Adrian Hemming's landscapes have grown in cultural significance since he was twice shortlisted for the National Gallery's "Artist in Residence". Geography and art have a long historical association; human relationships to nature and the understanding of the mechanisms which enable this, have been handfast with art's narrative and it's these influences which are growing in an age of displacement and detachment.
Hemming's new collection of work draws from his experiences in, and travels to, both the exotic and the ordinary, such as the Yucatan jungle, Australian rainforest and the Channel Islands. His sensitive awareness of human and physical landscape and the colour that permeates his paintings, creates a body of work that reminds us how we should understand and define a place and that each encounter with a landscape, people and culture, is part of a greater journey.
Conversations with the late Professor Denis Cosgrove (Humboldt Chair of Geography, UCLA) have inspired his art to take its present direction. Issues concerning the fabric of landscape, including cultural and historical values which influence human understanding of nature and landscape, ideas explored and often understood through Quantum Theory and Plate Tectonics, stimulate his work.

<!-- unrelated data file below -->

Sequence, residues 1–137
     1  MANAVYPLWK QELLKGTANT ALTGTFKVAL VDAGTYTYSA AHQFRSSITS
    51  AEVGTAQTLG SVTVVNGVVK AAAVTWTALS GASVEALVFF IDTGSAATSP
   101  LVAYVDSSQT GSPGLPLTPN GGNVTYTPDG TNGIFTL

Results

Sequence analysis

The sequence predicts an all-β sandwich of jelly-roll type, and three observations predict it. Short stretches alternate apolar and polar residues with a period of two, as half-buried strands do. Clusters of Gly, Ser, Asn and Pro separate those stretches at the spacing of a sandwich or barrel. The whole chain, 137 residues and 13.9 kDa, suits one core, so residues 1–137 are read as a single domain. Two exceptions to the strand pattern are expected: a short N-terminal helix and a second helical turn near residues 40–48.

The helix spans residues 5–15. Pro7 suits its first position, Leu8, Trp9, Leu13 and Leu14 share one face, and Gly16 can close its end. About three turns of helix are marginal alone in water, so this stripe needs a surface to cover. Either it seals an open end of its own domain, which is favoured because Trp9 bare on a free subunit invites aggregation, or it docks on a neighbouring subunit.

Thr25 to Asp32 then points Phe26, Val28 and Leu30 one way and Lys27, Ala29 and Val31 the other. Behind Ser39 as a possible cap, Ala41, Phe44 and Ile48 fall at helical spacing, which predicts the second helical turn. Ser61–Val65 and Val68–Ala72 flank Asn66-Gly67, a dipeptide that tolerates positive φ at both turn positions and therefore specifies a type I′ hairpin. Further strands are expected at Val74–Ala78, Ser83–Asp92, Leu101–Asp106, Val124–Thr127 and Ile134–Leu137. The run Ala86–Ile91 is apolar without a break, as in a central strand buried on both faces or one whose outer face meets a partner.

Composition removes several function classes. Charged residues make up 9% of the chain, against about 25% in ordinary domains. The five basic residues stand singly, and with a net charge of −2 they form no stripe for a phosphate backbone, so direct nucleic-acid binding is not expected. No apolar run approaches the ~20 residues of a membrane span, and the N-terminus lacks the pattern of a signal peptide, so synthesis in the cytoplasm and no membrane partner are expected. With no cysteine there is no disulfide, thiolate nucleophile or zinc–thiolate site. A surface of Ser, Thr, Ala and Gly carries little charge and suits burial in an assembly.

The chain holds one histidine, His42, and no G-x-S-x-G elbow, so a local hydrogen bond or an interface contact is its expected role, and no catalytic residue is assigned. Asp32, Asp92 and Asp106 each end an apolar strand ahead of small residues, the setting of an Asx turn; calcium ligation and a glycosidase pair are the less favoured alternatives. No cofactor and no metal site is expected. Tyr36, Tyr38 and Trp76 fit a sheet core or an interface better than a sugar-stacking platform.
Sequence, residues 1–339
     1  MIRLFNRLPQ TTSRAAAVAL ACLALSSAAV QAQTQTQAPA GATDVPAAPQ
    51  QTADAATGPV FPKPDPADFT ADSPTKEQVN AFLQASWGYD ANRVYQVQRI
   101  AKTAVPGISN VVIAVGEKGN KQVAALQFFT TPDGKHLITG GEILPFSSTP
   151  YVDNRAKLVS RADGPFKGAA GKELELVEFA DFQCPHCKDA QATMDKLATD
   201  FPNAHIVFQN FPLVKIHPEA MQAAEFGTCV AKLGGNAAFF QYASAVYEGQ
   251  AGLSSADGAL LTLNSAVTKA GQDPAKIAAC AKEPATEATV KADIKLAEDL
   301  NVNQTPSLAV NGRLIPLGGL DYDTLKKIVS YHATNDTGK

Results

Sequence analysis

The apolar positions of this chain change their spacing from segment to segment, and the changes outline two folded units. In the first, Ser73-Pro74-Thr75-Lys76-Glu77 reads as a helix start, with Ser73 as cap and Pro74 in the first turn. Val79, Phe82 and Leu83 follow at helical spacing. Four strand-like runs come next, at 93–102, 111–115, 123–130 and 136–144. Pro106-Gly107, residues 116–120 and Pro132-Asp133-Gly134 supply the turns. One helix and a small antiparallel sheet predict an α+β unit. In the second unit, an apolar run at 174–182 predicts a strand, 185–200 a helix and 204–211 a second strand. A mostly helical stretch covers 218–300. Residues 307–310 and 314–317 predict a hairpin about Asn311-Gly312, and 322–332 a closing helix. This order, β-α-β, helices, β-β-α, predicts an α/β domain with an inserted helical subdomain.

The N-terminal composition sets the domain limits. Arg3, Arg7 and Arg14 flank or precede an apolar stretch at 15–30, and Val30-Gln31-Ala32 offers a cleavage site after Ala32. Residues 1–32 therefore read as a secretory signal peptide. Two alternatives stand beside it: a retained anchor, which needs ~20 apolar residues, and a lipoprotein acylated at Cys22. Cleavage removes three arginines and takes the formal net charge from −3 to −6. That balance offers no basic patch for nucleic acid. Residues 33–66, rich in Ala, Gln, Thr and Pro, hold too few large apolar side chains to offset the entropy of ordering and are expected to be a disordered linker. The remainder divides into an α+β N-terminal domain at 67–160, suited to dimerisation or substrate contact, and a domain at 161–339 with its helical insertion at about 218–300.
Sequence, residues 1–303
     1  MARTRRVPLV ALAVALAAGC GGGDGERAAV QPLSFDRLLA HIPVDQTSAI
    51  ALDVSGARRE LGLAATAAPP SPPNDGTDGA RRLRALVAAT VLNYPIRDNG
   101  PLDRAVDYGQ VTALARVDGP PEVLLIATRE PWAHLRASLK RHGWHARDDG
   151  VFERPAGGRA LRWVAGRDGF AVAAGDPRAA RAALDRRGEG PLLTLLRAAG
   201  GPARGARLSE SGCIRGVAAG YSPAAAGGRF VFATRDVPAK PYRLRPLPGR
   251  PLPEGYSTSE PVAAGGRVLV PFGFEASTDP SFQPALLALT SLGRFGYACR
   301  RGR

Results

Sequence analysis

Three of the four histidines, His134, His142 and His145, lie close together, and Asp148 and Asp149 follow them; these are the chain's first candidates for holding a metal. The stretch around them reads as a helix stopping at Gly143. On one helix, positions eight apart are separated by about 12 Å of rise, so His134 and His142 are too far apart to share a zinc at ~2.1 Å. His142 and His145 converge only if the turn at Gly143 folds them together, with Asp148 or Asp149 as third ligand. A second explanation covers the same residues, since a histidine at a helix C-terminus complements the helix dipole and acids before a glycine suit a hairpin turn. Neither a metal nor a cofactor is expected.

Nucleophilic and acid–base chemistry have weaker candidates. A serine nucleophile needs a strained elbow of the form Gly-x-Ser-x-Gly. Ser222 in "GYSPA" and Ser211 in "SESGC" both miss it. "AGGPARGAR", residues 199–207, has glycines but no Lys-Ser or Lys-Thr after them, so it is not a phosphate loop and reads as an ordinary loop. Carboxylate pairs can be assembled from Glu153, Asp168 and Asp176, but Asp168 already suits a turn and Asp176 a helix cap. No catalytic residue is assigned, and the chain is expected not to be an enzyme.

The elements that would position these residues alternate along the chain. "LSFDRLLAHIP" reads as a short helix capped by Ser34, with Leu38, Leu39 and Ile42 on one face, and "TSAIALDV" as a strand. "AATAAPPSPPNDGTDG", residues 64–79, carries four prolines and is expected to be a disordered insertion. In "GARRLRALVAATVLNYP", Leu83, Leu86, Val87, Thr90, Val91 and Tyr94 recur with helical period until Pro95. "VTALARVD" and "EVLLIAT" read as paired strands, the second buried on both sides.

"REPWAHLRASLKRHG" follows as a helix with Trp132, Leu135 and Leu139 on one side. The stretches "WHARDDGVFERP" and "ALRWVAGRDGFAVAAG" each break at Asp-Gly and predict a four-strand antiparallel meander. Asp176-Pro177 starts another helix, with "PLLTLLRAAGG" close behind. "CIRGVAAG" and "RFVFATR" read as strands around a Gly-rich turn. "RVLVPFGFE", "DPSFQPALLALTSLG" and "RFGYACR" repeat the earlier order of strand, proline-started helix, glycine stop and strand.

Born in Leicester 1945, Adrian started his working life as an engineer. Changing direction completely, but still maintaining an interest in the science of nature, he gained a BA in fine art at Brighton Polytechnic before studying at Goldsmiths College, London University, completing his MA there in 1982.